Oversight Committee: Administration Withheld Obamacare Documents

Committee leaders threaten legal action against Treasury Department if they do not turn docs over
Obamacare protesters

Obamacare protesters / AP


The House Oversight Committee slammed the Treasury Department on Thursday for withholding documents related to the committee’s investigation of the administration’s expansion of subsidies in the Obamacare exchanges.

Committee chairman Rep. Darrell Issa (R., Calif.) and Health Care Subcommittee chairman James Lankford (R., Okla.) threatened in their letter to use legal force against the department if it does not turn over the documents by Aug. 29.

The committee has been investigating for over a year the administration’s decision to expand subsidies to the federally run health insurance exchanges mandated by Obamacare. The 2010 law creates subsidies for insurance purchased on state-created exchanges, but it is unclear if the law permits the federal government to extend these subsidies to the federally run exchanges.

Issa and Lankford, along with leaders of the House Ways and Means Committee, requested 50 outstanding emails and other documents by Aug. 13 in a letter dated July 25.

The two Oversight Committee leaders found the documents provided by Treasury insufficient.

“In total, Treasury only produced 17 pages of material relevant to the Committees’ oversight,” they wrote. “Most of these pages consisted of emails from Treasury staff forwarding or commenting on various news articles or blog posts.”

“Treasury’s production does not include a single document or communication created prior to the publication of the proposed rule on [Aug.] 17, 2011,” the two chairmen continued.

The committee is again requesting the documents by the end of the month and threatened to subpoena the department if it does not turn the documents over.

“If you do not comply with the Committee’s request by Thursday, August 29, 2013, the Committee will be forced to consider use of compulsory process,” they wrote.

A Treasury spokesman did not return a request for comment.

The Oversight Committee held a hearing at the end of July to examine the subsidies. Both legal experts and congressional Republicans argued that the subsidies cannot legally be offered on the federally run exchanges.

Only 16 states and the District of Columbia have elected to set up their own exchanges. The other 34 states either opted for a federal-state partnership or completely ceded authority to the federal government.

A Congressional Research Service report from 2012 said that the language of the law “seems to be straightforward on its face” in limiting the subsidies to only state-run exchanges, although the report did allow for an interpretation that permits the expansion.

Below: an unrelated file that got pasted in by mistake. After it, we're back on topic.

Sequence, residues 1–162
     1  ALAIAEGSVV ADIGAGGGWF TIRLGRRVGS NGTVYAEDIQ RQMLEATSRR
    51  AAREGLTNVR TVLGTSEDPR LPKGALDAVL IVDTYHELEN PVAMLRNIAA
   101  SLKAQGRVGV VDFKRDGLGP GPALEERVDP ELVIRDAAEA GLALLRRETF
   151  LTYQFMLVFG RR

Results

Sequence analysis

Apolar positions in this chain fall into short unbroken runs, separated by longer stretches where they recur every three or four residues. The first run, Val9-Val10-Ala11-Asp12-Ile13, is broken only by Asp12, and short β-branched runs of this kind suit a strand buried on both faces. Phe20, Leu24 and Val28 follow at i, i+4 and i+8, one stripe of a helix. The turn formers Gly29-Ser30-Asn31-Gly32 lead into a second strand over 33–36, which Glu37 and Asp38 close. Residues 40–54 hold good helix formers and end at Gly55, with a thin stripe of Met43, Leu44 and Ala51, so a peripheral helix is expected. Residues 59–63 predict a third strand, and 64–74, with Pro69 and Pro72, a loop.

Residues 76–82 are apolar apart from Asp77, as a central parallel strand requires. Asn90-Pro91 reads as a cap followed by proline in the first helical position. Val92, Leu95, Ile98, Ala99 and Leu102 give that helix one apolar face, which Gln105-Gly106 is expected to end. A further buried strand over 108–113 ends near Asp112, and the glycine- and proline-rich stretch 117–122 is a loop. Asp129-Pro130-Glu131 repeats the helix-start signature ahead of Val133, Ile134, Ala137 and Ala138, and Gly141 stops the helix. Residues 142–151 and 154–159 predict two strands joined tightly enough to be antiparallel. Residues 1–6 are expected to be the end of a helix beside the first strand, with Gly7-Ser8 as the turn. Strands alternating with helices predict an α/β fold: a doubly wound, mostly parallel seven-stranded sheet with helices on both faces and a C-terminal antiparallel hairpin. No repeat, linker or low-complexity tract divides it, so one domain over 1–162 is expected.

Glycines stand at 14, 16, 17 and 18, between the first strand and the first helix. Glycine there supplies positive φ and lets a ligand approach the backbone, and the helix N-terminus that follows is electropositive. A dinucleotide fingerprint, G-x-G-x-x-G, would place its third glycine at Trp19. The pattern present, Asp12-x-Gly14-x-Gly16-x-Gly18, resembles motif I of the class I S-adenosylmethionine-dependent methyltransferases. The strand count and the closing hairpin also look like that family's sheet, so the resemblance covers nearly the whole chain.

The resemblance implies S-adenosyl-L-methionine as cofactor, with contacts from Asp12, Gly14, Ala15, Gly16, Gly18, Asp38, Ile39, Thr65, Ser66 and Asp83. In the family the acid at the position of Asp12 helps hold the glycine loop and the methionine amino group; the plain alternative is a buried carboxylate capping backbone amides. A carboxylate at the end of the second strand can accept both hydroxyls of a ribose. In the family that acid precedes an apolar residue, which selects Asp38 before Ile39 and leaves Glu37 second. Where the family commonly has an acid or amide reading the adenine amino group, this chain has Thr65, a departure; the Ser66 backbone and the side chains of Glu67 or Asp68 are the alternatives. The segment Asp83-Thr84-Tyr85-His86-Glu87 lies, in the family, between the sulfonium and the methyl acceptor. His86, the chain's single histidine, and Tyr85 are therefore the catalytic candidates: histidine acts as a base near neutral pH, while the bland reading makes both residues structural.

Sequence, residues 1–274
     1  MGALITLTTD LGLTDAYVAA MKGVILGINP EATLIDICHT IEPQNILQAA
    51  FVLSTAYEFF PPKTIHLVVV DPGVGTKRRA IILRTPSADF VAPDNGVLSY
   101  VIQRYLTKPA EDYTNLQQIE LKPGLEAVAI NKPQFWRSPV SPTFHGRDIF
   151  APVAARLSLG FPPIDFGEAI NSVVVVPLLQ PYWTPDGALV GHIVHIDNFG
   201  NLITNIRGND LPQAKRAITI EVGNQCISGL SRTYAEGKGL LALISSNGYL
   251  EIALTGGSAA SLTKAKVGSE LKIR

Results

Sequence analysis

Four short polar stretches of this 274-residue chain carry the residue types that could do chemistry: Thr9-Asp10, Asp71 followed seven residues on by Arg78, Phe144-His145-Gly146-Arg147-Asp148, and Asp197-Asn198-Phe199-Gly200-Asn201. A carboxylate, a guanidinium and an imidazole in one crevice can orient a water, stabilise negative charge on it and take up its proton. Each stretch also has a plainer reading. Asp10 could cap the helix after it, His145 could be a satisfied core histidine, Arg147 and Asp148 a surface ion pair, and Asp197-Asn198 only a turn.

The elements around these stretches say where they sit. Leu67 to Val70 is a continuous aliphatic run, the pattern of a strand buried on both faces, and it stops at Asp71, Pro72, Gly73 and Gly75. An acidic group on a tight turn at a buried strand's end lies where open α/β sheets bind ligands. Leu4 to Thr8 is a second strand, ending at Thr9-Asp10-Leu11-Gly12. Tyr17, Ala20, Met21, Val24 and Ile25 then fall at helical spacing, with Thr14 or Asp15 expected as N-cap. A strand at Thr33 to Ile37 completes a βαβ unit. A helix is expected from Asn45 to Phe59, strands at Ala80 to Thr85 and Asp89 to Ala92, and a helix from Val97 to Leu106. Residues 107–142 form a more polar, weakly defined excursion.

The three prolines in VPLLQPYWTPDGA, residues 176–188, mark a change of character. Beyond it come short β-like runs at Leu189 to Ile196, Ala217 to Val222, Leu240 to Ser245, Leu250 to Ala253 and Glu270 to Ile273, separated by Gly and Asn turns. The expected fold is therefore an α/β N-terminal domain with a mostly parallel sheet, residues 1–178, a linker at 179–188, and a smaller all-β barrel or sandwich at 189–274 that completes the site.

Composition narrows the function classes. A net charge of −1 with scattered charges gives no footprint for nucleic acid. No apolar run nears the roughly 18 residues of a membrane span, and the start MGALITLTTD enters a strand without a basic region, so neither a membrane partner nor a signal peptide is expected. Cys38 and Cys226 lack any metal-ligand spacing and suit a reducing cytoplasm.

Oklahoma is currently suing to stop the federal government from offering the subsidies on the federally run exchanges, a suit that one healthcare expert has said is the most significant current Obamacare litigation.

Oklahoma Attorney General Scott Pruitt argued before the Oversight Committee in July that the law intentionally withheld the subsidies from the states that refused to set up their own exchanges.

“When Congress passed the health care act, they presented states a choice,” Pruitt told the committee. “That choice was to establish a state health care exchange or to opt for a federal exchange. The ACA included with that choice a set of consequences and benefits.”

While the subsidies would be withheld if the state opted not to set up an exchange, the states businesses would also be exempt from the mandate to provide insurance and the consequence fines for failing to comply.

Some healthcare experts have argued that the federally run exchanges will collapse if they cannot offer subsidies to people who qualify. The subsidies encourage people to sign up for insurance through the exchanges, widening the pool of people insured.

The administration is running a campaign-style outreach effort to sign enough people, and especially young people, up for the exchanges to make them financially viable. If 7 million people sign up for the exchanges, then 2.7 million of them have to be young to make the numbers work.

The administration and some legal experts have contended that the federally created exchanges are legally the same as the state-created ones and that the subsidies consequently can be applied to them.

Andrew Evans   Email Andrew | Full Bio | RSS
Andrew Evans is an assistant editor at National Affairs and a former reporter for the Washington Free Beacon, where he covered government accountability and healthcare issues.

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